There is definitely a predisposition in my family to worry, I think as a whole we would make very good health and safety officers. I am constantly seeing what could go wrong. Now reading that you might think I am an overly negative person but I’m not. I’m an optimistic, glass half full, grateful to be alive kind of person but never the less I regularly feel the fear, I see the danger.
The fact that I have 2 extremely agile confident climbers has only exaggerated this fear. When they started at a gymnastics class the instructor actually commented ‘Oh they really have no fear do they’ often climbing things that are not there to be climbed! I can see the head cracked open at the park, the fall down the steps, the broken arms, legs or worse but I think this kind of fear is evolutions way of keeping me and my progeny alive, so I am ok with this fear, even if my frequent echoes of ‘Be careful’ in the playground do annoy my husband!
The fear that bothers me is the fear that stops me doing things. Now having twins and going on excursions has lots of different issues attached to it; in the beginning it was what if they are hungry at the same time, how can I breastfeed 2 at once in public? When they were first crawling, how do I keep them both from getting trampled on at play groups? When they were first running, how do I keep them both from danger in a large play café, park or beach when they run in different directions? When they were 2, how do I deal with 2 tired hungry tots having meltdowns when we were out on my own? All these questions and ‘What ifs’ put me off doing things or even trying to find solutions.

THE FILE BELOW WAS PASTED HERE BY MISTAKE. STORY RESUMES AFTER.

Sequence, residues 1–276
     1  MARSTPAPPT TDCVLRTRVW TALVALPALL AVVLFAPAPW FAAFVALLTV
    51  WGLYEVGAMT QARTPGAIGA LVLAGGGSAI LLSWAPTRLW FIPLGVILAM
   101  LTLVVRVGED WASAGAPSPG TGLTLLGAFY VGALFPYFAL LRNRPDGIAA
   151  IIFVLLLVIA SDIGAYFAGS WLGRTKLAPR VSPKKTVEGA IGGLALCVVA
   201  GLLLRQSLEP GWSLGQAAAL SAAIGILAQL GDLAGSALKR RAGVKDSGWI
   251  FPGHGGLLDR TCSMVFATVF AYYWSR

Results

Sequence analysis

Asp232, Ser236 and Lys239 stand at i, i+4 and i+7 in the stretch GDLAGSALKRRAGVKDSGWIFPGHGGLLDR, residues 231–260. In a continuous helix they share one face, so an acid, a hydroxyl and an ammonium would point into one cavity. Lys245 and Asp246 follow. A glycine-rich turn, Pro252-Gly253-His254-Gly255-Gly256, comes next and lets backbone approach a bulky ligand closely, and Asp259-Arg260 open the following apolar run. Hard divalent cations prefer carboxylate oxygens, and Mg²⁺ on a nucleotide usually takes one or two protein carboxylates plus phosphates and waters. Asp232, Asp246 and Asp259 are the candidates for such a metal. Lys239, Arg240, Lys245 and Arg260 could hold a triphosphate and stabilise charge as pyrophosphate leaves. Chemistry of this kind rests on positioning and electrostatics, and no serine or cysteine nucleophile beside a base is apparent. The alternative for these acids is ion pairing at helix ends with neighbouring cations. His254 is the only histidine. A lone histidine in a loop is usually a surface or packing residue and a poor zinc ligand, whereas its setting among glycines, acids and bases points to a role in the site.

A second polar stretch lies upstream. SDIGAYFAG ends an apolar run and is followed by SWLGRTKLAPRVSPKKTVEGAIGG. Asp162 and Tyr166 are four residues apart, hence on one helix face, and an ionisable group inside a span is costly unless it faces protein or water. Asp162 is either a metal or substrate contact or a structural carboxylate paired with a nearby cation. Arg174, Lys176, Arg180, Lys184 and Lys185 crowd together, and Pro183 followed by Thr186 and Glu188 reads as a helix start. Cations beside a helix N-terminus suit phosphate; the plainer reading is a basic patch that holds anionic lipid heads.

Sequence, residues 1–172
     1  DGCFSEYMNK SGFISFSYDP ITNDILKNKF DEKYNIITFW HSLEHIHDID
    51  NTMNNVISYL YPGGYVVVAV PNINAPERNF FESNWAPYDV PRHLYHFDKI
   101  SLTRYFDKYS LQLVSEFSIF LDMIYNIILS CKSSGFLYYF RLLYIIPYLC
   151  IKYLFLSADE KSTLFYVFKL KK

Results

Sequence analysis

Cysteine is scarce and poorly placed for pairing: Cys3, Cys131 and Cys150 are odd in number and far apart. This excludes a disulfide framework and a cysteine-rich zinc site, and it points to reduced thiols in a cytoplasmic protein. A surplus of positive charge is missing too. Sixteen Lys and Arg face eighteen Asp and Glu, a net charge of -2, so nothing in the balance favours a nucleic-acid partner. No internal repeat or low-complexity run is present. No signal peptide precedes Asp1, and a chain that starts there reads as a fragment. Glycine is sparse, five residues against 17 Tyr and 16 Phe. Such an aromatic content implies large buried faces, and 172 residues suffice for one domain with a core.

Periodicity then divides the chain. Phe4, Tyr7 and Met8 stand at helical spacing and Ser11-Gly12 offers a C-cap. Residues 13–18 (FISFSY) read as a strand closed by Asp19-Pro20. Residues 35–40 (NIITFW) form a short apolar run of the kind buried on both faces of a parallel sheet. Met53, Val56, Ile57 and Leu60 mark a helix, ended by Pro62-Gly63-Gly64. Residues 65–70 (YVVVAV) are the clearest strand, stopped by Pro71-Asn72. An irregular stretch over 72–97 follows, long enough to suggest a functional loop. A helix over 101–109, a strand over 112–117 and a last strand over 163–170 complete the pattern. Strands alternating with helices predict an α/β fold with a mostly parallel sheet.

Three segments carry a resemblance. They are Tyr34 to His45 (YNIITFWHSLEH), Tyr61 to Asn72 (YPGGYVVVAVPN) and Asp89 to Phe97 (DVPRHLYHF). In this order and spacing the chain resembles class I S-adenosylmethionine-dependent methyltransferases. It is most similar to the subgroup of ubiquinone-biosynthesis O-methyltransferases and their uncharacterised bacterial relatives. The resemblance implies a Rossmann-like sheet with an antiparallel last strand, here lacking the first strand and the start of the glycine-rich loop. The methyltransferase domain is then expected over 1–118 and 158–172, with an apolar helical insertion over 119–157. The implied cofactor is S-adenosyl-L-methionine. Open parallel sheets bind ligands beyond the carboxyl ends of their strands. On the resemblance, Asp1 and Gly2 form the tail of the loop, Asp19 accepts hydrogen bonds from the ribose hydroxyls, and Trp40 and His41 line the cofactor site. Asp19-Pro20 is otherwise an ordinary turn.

Now what I have learnt, that when I think like this, concentrating on the ‘What ifs’ in a negative way that I stop myself doing stuff and rather then feeling proud of what I have accomplished I feel shit about what I didn’t do.
Though the times when I did override that fear and the ‘What ifs’ I felt so proud, like the time when they were about a year old and I was having a bad day and I decided to go out anyway (as the sun was shining and I sooo wanted to be out in it) and on that day I met another twin family who had just moved to the area and we have become firm friends since, or the time I took a solo hike with the girls in their carriers to a remote-ish beach as I missed being in the middle of nowhere and it was resounding success (bar the last 5minutes when a hot sweaty tired Mama, who had just hiked up a very steep hill loaded up like a pack horse had to deal with getting 2 unwilling tots into car seats) or the first time I went to a café with a friend and her daughter after a playgroup to get Babychinos, this last one might not seem especially brave but keeping 2 incredibly wiggling toddlers (who don’t sit in highchairs) at a table instead of running riot is a mean feat which we kind of managed. It would’ve been easy to talk myself out of these things and miss out on fun and friends.
So these last 2 and half life changing years have taught me to feel the fear and do it anyway and through this moto I have had these amazing confidence building experiences. I admit that life with twins is getting easier, the girls who for a long time were not fans of sleep or should I say not sleeping at the same time now mostly sleep through the night, they are no longer in nappies, they are getting more adept at getting themselves ready, you can negotiate and reason with them and explain concepts like why wearing suncream is a good idea even if no one likes it; all these things (though mainly the increased sleep) has lead to life becoming easier and having more reserves and energy for fighting the fear, as well as having friends who inspire me and a supportive husband who’s answer to most things is ‘It’ll be fine’, so these days on the most part I can see the ‘What ifs’ and can feel the fear, and can do it anyway.
N.B I just want to add that I’m writing about the little fears that we all feel in a comfortably middle class life where we don’t know what it is to feel a life threatening fear of having no home, safety or food. I am extremely aware there are millions of people in the world who don’t have the luxury of a roof over their heads, a place of safety or clean fresh water at the turn of a tap or a cupboard full of food and I hope me talking about my personal fears doesn’t belittle theirs.